Wordy and philosophical - like Ibsen or Chekhov a la Turk - the Palme d'Or-winning Winter Sleep is merciless in its portrayal of a flawed, vain-glorious individual who, in Biblical terms, does not see the mote in his own eye.
Aydin (Haluk Bilginer) is a former actor who is now the proprietor of a hotel in a bleak, poverty-stricken village in the Anatolia region of Turkey. He may believe he is a reasonable man, a local worthy who can be charitable; he is first and foremost the local landlord.
Aydin and his sister Necla (Demet Akbag) between them own properties which are effectively renovated caves, rented out to the local people.
Necla is separated and disenchanted and lives in Aydin's house, while Aydin's much-younger wife Nihal (Melisa Sözen) has her own quarters under the same roof. Their marriage is as good as dead, although neither party is ready to admit this and move on. A kind of sclerosis of the heart has set in, and winter draws in too with a fall of snow.
As well as being a hotelier and landlord, Aydin is also a polemicist of sorts, who writes what he believes are perceptive, thought-provoking columns for a local newspaper. A non-believer and a self-styled progressive thinker, he considers himself enlightened, unlike most of the local Muslim population.
He conducts himself with an odiously patronising air when dealing with such locals and the drama pivots around one such interaction, when a young boy throws a stone at Aydin's car and breaks a window.
The fall-out from the boy's rebellious act is like a running sore throughout director Ceylan's lengthy, brooding drama. Meanwhile, scenes from Aydin and Nihal's marriage are worked out in an unusually long, embittered exchange by lamplight and a crackling fire. They both talk about moving to Istanbul - separately, of course - much as the three sisters talk with longing of Moscow in Chekhov's eponymous play.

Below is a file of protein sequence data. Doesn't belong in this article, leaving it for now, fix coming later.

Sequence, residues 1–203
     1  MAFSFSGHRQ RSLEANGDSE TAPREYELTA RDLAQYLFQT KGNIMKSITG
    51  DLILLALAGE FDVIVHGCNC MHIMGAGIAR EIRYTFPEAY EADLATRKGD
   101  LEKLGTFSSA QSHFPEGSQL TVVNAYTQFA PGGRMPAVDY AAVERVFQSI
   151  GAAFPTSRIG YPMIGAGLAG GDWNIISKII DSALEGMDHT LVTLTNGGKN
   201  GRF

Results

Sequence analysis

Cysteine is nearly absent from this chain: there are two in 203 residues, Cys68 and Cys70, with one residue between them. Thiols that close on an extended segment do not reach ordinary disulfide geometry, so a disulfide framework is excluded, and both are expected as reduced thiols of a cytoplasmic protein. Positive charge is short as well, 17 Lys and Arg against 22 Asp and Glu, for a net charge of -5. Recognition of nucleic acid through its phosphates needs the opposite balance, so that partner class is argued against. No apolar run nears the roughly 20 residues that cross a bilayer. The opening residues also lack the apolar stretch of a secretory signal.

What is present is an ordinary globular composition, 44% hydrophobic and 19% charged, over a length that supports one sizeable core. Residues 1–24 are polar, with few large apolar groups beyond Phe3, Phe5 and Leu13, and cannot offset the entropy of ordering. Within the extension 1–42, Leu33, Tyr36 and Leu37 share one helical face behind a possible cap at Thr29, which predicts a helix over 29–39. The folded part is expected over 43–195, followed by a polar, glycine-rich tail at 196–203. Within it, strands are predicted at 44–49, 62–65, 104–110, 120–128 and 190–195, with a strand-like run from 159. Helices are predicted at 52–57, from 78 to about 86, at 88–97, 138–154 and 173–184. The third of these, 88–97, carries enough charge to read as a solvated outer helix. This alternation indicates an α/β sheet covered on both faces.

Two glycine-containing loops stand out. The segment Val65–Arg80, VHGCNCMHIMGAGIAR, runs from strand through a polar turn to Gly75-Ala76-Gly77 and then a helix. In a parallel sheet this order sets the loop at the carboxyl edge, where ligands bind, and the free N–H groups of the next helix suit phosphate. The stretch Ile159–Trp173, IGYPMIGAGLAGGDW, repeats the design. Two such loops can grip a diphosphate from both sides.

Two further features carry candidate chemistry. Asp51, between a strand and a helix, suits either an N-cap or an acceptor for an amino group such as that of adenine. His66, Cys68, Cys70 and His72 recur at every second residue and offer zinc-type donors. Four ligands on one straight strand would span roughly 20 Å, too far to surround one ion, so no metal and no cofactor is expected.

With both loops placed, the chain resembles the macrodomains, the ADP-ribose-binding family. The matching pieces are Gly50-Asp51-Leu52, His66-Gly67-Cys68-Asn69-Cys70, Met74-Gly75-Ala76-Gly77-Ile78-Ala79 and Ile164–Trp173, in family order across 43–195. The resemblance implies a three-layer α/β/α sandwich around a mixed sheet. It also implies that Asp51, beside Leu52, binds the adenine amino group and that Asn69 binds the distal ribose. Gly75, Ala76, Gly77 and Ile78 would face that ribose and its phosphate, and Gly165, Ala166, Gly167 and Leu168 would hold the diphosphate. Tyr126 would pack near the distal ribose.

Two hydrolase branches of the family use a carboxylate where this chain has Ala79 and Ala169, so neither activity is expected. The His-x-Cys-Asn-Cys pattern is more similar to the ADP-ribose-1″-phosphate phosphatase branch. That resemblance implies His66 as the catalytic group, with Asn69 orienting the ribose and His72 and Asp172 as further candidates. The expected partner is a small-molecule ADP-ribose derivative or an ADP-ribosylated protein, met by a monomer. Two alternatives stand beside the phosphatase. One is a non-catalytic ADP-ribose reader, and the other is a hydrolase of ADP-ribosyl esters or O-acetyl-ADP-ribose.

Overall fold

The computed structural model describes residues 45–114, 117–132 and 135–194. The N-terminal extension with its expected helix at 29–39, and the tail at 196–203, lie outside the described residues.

In its close attention to the seed-bed of marital discord, the film resembles classic Ingmar Bergman of the mid-1970s. Turkish intonation - at least when people are arguing - sounds somewhat similar to that of Swedish to this reviewer's ears. Thus the declarations of man and wife in this taut drama could, for all the world, have been Erland Josephson and Liv Ullmann having it out in Scenes From A Marriage or A Passion, 40 years ago.
Nevertheless, the film retains a firm sense of its own setting in remote, austerely beautiful Turkey, as a woman challenges her fate, while married to a man who himself has a fatal flaw.
The director's previous film, Once Upon a Time in Anatolia - co-winner of the Grand Prix at Cannes in 2011 - relied on secrecy and concealment in the aftermath of a homicide, in spectacular mountain country. Textually, it was less adventurous than Winter Sleep, with all that silence and those worried middle-aged men trying to mask their vulnerabilities. But both films are the work of a seriously gifted director.
Winter Sleep is at the IFI, Dublin and Light House Cinema, Dublin from Friday November 21, 2014.